They also help co-ordinate crimes which involve two or more counties or districts.

The Capitol police are DPS officers, as is the protective detail for the Texas Governor and such.

Last I checked, the DPS offered mutual aid SWAT services for smaller agencies, but the time-delay involved in getting the DPS area SWAT team together means I've never really seen it in action.

Of course, the Texas Rangers are part of the Texas Department of Public Safety.

Texas DPS issues the SIG 226 in .357SIG to it's uniformed officers, and the SIG 229 in .357SIG to it's plainclothes officers.

Texas Rangers are issued the P229, but I haven't seen a Ranger carrying one - mostly they carry some model of the 1911A1.

Highway Patrol officer use the Ruger Mini-14 instead of the AR-15 - sorry Skunky.

Hope that helps.

LawDog

jhisaac1
October 22, 2003, 04:42 PM
what agencies have AR-15s in the vehicle
I don't know about Oregon State Police, but the Newberg PD (which I am applying to be a reserve for) carries semi-auto MP5's in the cars. They have the parts to be full auto, but don't have them installed.

BowStreetRunner
October 22, 2003, 05:11 PM
Every state is different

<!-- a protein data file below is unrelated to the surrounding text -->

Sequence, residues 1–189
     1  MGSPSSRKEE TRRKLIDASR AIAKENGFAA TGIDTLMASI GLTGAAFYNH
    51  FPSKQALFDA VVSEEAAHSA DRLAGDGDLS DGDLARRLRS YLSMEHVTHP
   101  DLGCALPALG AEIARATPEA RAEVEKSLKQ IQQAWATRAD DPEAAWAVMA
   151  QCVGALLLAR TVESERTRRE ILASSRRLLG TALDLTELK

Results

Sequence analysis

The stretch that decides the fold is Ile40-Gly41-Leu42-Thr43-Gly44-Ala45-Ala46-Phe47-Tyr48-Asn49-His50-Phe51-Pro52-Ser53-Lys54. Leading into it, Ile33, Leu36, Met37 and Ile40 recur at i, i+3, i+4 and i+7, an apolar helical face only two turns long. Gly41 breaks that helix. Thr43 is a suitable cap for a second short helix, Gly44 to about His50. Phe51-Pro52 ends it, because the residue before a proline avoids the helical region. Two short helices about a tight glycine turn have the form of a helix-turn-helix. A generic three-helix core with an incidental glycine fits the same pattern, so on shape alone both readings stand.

in Ohio, the state investigative agency, BCI, is very hard to get in and requires about 6+ yrs of local LEO experience to join
in Georgia I had read that you can get in to the GA Bur. of Inv. right after college
If I recall correctly, VA requires 2 years as a state trooper or a law degree to be a state investigator (i forget the name of the agency though)
everyone is different and goofy in its own way
BSR

Skunkabilly
October 22, 2003, 05:56 PM
Texas:
1 1/2 mile run in 15 minutes or less;
25 push ups in 1 minute or less; and
40 sit ups in 1 minute or less.
no minimum weight :D

In y'alls experience, is there room to grow in a state agency? I'm a computer technician. Fun job, but no future.

LeonCarr
October 22, 2003, 06:08 PM
Hey Skunk,

DPS has information technology people just like everybody else, and the benefits are pretty good. Check the DPS web site for openings. I have seen the DPS SWAT Team in action, and I have been to several schools with their guys. High Speed. To stay on the gun-related thing, TDCJ uses AR-15s :).

Just my .02,